Nov 14 2007
DataPlay, a leader in advanced optical storage solutions, announced today its leadership of the Optical Storage Subgroup (OSS) within Trusted Computing Group's Storage Work Group (SWG). In this role, DataPlay will help set the design for the world's first optical burner to support Trusted Computing Group's storage specification.
"We are pleased to contribute to the Trusted Computing Group and its Storage Work Group. There is a large market opportunity for a 'trusted optical drive,' which will serve as a remedy for data loss and identity theft. In a 2006 study conducted by Ponemon Institute LLC, 81% of companies it surveyed had lost one or more laptop computers containing sensitive information. A related study by the same group found 74% of organizations that experienced a data breach lost customers.
More than half faced potential litigation and one-third faced potential fines. Numerous markets will welcome this new technology, including Federal and local governmental agencies, health-care and financial service organizations, and consumers who want to protect sensitive digital information," said Bill Almon Jr., President and CEO of DPHI, Inc. / DataPlay.
The Trusted Computing Group (TCG) was formed in 2003 to respond to the concerns about the security of communications, transactions, storage, and wireless networks -- including problems such as data exposure, software attacks, identify theft, and physical theft. TCG is a not-for-profit corporation with international membership and broad industry participation. The purpose of the TCG is to develop, define, and promote open, vendor-neutral industry specifications for trusted computing and security technologies.
TCG has created work groups to define implementation architectures. The Storage Work Group is building on existing TCG technologies and creating open industry specifications for security services on storage systems, such as disk drives, removable media drives (e.g., optical), flash storage, and multiple storage device systems. These specifications are designed to enable more secure computing environments without comprising functional integrity with the primary goal of helping users to protect their information assets from compromise due to external software attack and physical theft.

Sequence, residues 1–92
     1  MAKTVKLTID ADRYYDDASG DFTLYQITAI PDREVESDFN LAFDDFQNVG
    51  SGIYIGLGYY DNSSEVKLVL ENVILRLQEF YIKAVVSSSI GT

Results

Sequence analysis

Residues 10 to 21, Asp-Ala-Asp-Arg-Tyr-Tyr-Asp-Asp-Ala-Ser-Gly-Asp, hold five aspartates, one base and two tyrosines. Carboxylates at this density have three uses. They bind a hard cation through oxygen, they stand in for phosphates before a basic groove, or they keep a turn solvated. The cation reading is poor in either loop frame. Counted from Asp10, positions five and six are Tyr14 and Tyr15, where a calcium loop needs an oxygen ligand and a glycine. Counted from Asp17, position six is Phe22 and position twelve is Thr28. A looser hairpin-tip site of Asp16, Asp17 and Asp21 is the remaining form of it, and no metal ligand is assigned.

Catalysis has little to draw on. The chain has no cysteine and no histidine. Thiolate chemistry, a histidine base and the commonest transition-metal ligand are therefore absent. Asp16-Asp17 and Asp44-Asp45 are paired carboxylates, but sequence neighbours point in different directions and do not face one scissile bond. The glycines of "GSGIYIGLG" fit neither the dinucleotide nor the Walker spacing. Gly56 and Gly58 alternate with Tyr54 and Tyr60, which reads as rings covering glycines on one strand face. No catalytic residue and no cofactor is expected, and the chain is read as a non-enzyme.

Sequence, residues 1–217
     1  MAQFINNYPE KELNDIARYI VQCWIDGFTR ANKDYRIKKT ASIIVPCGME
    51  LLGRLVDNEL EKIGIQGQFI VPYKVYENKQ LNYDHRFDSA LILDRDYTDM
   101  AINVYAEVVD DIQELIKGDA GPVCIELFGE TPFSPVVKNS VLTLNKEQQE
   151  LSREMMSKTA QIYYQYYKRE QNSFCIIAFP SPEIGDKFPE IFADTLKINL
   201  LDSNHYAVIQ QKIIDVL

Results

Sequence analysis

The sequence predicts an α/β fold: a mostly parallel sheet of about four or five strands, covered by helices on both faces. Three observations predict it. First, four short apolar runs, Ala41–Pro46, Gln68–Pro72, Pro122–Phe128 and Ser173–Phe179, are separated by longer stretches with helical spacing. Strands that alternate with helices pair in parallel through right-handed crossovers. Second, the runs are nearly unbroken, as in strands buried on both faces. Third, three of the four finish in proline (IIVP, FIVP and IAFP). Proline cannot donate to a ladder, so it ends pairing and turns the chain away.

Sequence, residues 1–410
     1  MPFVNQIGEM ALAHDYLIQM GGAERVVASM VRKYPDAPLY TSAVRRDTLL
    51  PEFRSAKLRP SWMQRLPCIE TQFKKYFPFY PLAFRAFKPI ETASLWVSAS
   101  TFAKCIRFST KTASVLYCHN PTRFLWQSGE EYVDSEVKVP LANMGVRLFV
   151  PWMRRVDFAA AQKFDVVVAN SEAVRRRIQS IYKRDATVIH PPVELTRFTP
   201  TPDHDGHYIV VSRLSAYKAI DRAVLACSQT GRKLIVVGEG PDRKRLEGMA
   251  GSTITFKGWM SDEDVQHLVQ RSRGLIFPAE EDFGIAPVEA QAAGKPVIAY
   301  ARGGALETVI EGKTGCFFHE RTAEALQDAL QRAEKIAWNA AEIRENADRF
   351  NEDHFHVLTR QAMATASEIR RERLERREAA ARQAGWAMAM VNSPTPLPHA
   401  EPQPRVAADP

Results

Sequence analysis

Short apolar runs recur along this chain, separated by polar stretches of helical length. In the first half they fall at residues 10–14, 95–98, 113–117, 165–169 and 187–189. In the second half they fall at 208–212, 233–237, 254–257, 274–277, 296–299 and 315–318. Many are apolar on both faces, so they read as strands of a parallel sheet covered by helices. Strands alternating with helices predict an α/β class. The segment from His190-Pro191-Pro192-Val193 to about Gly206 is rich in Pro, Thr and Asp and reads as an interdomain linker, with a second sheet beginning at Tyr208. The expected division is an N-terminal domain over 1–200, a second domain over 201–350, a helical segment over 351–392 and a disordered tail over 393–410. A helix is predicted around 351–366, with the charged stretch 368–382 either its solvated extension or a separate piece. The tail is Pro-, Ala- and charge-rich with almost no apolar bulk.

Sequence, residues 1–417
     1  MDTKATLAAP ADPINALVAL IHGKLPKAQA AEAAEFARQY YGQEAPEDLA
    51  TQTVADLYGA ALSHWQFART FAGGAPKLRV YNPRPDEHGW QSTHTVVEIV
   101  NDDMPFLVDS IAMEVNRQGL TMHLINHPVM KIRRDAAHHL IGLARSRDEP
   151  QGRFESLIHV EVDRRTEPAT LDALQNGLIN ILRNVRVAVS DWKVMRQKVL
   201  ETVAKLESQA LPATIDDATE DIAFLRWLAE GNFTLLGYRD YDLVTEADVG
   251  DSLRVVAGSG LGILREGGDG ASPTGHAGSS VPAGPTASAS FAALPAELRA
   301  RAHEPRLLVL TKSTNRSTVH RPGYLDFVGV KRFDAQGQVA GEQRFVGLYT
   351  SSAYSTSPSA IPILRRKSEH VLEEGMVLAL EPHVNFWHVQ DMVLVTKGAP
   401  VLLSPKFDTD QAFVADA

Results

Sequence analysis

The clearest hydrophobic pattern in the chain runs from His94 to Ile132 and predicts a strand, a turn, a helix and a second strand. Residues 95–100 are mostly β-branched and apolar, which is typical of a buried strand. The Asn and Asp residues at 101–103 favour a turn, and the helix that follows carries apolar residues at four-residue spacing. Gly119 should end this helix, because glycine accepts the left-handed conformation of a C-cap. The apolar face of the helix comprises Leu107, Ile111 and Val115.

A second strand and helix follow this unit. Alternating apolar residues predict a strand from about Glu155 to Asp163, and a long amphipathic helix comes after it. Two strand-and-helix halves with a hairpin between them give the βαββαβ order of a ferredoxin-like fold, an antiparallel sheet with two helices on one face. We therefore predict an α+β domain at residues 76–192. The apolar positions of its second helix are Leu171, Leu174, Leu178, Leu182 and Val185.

"DataPlay's experience and expertise in optical storage and security systems is an important contribution to the adaptation of the TCG Storage Specification to optical devices. We are pleased to have DataPlay as the chair of the Optical Storage Subgroup and liaison to other optical storage standards," said Dr. Robert Thibadeau, Chief Technologist at Seagate and chair of the TCG Storage Work Group.
The Optical Storage Subgroup is chartered with applying the TCG Storage Specification to trusted CD/DVD/HD-DVD/Blu-ray recording devices. Using approved encryption standards and methodologies, the new optical application will allow users to create, edit, and share optical discs and feel confident that their data will not be compromised if the disc is misplaced, lost, or stolen.
Within the application, there will be secure encryption that will be transparent to the user and always on. These new technologies will allow for new methods of trusted data distribution across organizations. An example would be for a corporate headquarters to mail a trusted DVD to all its regional offices while knowing the data cannot be accessed without proper authorization. The work group plans to enable authorization with multi-factor authentication including user passwords, host system access control, security tokens, and network key servers.
According to storage industry analyst Thomas Coughlin, president of Coughlin Associates, "Extending the benefits of encrypted data built into storage devices to optical disk drives is a next obvious evolution of the fundamental trust framework created by the Trusted Computing Group." He adds, "I would urge other optical disk drive manufacturers to look at incorporating internal encryption as a new means to differentiation of their products and provide additional features that will help them compete with alternative removable content distribution technologies."